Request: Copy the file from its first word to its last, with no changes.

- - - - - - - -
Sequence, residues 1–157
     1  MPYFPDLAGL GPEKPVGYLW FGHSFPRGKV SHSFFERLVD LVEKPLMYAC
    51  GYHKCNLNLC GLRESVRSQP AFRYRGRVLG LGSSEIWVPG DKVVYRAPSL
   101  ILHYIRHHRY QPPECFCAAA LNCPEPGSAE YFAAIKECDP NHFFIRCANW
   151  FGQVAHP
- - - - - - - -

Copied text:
Sequence, residues 1–157
     1  MPYFPDLAGL GPEKPVGYLW FGHSFPRGKV SHSFFERLVD LVEKPLMYAC
    51  GYHKCNLNLC GLRESVRSQP AFRYRGRVLG LGSSEIWVPG DKVVYRAPSL
   101  ILHYIRHHRY QPPECFCAAA LNCPEPGSAE YFAAIKECDP NHFFIRCANW
   151  FGQVAHP